How to choose the best running shoe?
WHERE TO BUY: If you are reading this, you have probably been disappointed with your shoe choices in the past. Before you make your next purchase, here are some things to think about to get the best from your new purchase. There can be a huge difference between the stock, knowledge, helpfulness and profit margins between stores. Specialist running shoe shops run by the local running fanatic will usually be stand alone stores and therefore more expensive but with better quality advice. Large chains will have a shoe fitting training programme which is (probably) reasonably good and experience does count. Many podiatry students fund their way through university working in such places, they can also provide valuable insight. ‘Discount’ outlets will generally be cheaper but usually at the expense of an experienced fitter.
PURPOSE: Clarify in your mind what activity you are planning to do in the shoe. Your needs will be very different if you are running marathons or doing the shopping. To run, buy a running shoe. To walk or wear casually, buy a running shoe. For tennis, basketball, cricket, football, etc – look to a sport specific shoe. Be prepared to discuss the type of running, distances and surfaces you anticipate. If you use only flat surfaces like a running track or a shopping mall, you will need a different stability / cushioning ratio than you will if you run over fields or canted road edges. Generally, cushioning and stability are a trade-off of one another. If a shoe has maximal cushioning it will also have instability, and vice versa. You need to think about the needs of your own body, do you have very pronated feet that need stability and control, or do you have osteoarthritis and need cushioning for your joints?
FIT: Your primary need is for a pair of shoes that fit well and feel comfortable. Fit and feel are certainly an individual decision, but look for running shoes that fit snugly (without being tight) with about a 1.5cm (or slightly less) room between the longest toe and the end of the shoe. Your toes should not feel cramped or squished. Your heel should not slip in the rear of the shoe when walking or running. If one aspect of the fit is not right, don’t buy the shoe.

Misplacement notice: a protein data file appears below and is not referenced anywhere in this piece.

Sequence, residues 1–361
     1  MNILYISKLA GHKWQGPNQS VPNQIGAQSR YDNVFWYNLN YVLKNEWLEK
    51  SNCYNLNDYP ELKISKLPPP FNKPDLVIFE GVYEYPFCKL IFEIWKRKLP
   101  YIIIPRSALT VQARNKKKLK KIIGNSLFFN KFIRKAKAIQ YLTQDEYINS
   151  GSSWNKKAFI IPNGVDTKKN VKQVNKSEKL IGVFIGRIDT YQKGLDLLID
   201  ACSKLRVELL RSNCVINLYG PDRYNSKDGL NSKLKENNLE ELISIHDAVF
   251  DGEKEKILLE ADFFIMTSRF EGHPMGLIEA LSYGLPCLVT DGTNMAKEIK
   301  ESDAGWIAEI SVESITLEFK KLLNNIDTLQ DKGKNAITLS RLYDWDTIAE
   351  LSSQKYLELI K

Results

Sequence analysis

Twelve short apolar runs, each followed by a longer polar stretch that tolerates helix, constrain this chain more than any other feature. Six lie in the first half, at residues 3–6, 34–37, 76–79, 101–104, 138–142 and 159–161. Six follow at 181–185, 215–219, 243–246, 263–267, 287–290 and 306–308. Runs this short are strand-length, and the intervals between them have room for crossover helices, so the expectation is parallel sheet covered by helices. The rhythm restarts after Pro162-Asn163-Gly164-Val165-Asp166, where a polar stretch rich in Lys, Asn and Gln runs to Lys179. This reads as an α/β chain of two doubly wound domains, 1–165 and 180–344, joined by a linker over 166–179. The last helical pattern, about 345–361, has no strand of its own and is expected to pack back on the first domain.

WIDTH: If you like a certain shoe, but don’t feel it’s wide enough (or it’s too wide), ask the salesperson if it’s available in more than one width, many models are. New Balance offers all of its best running shoes in at least three widths for both men and women. Some brands (but not all) offer one or two widths in popular models. If you are a woman who is having trouble finding a wide enough shoe, try a men’s shoe as they are made wider for the same length.
COMPARE: Try on a wide variety of styles and brands. One brand isn’t necessarily better than any other. Take your time. Put your running socks on (and if you wear orthotics, place them in the shoes) and walk around the store in the shoes. Jog around outside. If it doesn’t feel or fit right in the store, it won’t feel better when you run (just the opposite).Make certain the salesperson watches you run. There are some shoes that could be wrong for you, for example, not enough support if you can’t tell, the salesperson should be able to. Decide on two pairs and compare the two on fit and comfort. Ask the salesperson what the technical differences are between the two. Put one shoe from each pair on and jog around to see which shoe feels better. Go with that shoe. If you can’t discern a difference, ask for the salesperson’s recommendation.
RETURN POLICY: Ask about the store’s return policy. Most good running stores have a liberal policy which allows you to return shoes that are clean and have not been worn a great deal. But check and always keep the sales receipt.